Dreams do come true

Manuscript update: Started my new final round of revision yesterday. The last round was the make-every-word-great round, after going through plot and scene revision rounds earlier. So this is the polish, the I-want-to-make-sure-every-word-is-still-great-and-I-didn’t-type-something-weird-last-time round. I’m excited, and plan to be finished in a week or so. Fingers crossed.

With the economy the way it is and all the bad news that has been coming of the publishing industry the last few years, it’s great to see all the deals still being reported by Publisher’s Marketplace. But when it’s a deal for a debut writer, it’s even more wonderful, it’s inspirational.

As I was shutting down my computer last night, I saw fellow blogger Beth Revis had posted the news that her book, Deep Freeze, has been picked up by Razorbill, an imprint of Penguin, for a spring 2011 release. According to Publishers Weekly, Razorbill editor Bill Shrank “said he thinks the book will do for popular sci-fi what The Hunger Games did for postapocalyptic fiction.” Wow!

Beth also scored a three-book deal, which shows the confidence Razorbill has in her writing.

This is fantastic news for Beth, and I’m so excited for her. I also can’t wait to read the book, because it sounds wonderful.

But it’s also exciting news for all unpublished writers. It shows us that despite the layoffs and low financial quarters at publishing houses, editors are buying books, and they are buying books from unpublished writers.

Sure, I’ve heard over and over that manuscripts need to be really polished before they’ll even attract an agent nowadays — hence my new polish round — but if you put in the work, the rewards will come.

Go on, dare to dream, then get to work on making that dream a reality. It will take work, a lot of hard work, but it will be worth it in the end.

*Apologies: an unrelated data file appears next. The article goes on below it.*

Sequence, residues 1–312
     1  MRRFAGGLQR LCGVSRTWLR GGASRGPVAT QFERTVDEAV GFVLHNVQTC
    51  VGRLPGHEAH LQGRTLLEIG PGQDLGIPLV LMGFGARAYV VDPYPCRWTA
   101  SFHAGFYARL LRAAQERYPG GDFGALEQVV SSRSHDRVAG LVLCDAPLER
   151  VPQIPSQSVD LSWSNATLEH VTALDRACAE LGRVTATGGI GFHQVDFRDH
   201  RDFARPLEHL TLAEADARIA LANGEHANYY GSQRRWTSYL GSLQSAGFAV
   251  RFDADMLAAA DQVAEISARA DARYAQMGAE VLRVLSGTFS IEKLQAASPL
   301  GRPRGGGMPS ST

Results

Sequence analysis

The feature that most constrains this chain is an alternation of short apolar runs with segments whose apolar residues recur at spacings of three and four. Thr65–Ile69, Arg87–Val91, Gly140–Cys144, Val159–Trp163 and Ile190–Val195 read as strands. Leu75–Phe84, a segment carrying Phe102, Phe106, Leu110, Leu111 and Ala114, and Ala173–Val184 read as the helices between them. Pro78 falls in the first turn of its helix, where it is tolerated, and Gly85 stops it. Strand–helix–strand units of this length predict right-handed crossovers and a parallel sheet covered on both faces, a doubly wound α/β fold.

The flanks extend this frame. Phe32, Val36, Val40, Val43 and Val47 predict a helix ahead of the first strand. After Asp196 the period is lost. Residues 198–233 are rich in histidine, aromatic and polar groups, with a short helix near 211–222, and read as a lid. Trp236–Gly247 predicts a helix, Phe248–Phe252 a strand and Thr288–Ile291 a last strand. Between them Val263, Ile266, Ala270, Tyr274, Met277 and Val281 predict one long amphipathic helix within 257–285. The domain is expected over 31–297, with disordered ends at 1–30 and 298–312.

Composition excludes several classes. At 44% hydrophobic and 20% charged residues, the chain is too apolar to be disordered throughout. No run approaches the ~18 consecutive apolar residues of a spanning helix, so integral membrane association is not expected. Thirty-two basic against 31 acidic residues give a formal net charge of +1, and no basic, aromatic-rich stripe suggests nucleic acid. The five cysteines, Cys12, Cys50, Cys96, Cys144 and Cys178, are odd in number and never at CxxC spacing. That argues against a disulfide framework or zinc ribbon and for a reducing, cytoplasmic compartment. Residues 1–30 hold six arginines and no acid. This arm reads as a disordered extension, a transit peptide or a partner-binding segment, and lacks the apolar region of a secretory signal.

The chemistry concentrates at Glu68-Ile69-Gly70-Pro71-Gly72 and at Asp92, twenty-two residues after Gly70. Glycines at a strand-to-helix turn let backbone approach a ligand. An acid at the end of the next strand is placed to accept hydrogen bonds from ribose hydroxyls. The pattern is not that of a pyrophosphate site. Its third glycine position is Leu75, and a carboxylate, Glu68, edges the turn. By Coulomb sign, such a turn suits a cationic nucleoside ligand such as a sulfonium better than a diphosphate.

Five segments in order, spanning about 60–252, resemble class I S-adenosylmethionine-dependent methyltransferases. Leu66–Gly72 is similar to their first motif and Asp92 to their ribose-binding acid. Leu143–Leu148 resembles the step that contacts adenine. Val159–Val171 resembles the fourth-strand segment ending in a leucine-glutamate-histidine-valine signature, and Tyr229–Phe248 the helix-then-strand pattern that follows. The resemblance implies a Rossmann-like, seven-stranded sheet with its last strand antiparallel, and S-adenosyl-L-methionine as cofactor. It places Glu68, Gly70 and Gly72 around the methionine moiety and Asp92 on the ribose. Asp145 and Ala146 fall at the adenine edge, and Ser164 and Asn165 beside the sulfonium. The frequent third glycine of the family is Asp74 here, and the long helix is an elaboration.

Write On!

2 Responses

  1. Monica says:

    Have you grown tired of your characters yet? I’ve been working and re-working with mine for so long I fear the day will come when I’ll pack up their bags and boot them into the street.

    I try not to “hear” the discouraging news coming out of the industry. It’s great to see you’re maintaining a positive, hard labor attitude too. Good luck on the revisions.

  2. Thanks, Monica.

    Yes, definitely down let the bad news get you down. Ultimately, book publishers are in the business to make money, and they can’t make money without good books to sell. So, keep working on making yours great. This is my second novel. My first got lots of positive feedback but didn’t land an agent. I’m hoping this will do better, but if not, I’ll write another and make it even better. My writing grows with each one.

    I don’t feel like I’m tired of the characters in this book, but I’m definitely looking forward to moving on. As I read through my manuscript again, I’m enjoying it, but when I’m away from it, these characters aren’t playing in my mind like they used to. Instead, I’ve got characters from my other book ideas, so I know I’m getting close to the point when I should be moving on.

    Good luck with yours. Keep it up.

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